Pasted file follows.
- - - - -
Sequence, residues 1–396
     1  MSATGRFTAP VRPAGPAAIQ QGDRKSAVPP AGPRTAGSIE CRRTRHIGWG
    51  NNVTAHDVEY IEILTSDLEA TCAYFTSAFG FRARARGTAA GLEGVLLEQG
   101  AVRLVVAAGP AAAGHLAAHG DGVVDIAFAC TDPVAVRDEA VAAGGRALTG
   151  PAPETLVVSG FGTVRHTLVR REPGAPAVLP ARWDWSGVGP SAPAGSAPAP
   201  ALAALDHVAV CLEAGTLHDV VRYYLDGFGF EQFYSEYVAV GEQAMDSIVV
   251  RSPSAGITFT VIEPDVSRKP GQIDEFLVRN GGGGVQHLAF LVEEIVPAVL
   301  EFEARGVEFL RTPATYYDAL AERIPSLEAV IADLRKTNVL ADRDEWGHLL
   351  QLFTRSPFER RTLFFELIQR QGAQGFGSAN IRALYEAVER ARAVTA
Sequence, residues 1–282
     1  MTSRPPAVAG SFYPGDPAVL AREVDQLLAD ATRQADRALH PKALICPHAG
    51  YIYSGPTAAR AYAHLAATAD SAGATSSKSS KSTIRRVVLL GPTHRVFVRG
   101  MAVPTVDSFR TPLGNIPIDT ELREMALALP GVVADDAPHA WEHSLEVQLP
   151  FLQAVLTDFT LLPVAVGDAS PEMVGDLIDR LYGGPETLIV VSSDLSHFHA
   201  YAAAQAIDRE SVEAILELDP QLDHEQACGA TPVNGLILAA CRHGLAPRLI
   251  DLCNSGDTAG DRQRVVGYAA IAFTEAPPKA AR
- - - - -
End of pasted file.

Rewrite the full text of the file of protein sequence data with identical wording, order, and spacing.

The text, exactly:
Sequence, residues 1–396
     1  MSATGRFTAP VRPAGPAAIQ QGDRKSAVPP AGPRTAGSIE CRRTRHIGWG
    51  NNVTAHDVEY IEILTSDLEA TCAYFTSAFG FRARARGTAA GLEGVLLEQG
   101  AVRLVVAAGP AAAGHLAAHG DGVVDIAFAC TDPVAVRDEA VAAGGRALTG
   151  PAPETLVVSG FGTVRHTLVR REPGAPAVLP ARWDWSGVGP SAPAGSAPAP
   201  ALAALDHVAV CLEAGTLHDV VRYYLDGFGF EQFYSEYVAV GEQAMDSIVV
   251  RSPSAGITFT VIEPDVSRKP GQIDEFLVRN GGGGVQHLAF LVEEIVPAVL
   301  EFEARGVEFL RTPATYYDAL AERIPSLEAV IADLRKTNVL ADRDEWGHLL
   351  QLFTRSPFER RTLFFELIQR QGAQGFGSAN IRALYEAVER ARAVTA
Sequence, residues 1–282
     1  MTSRPPAVAG SFYPGDPAVL AREVDQLLAD ATRQADRALH PKALICPHAG
    51  YIYSGPTAAR AYAHLAATAD SAGATSSKSS KSTIRRVVLL GPTHRVFVRG
   101  MAVPTVDSFR TPLGNIPIDT ELREMALALP GVVADDAPHA WEHSLEVQLP
   151  FLQAVLTDFT LLPVAVGDAS PEMVGDLIDR LYGGPETLIV VSSDLSHFHA
   201  YAAAQAIDRE SVEAILELDP QLDHEQACGA TPVNGLILAA CRHGLAPRLI
   251  DLCNSGDTAG DRQRVVGYAA IAFTEAPPKA AR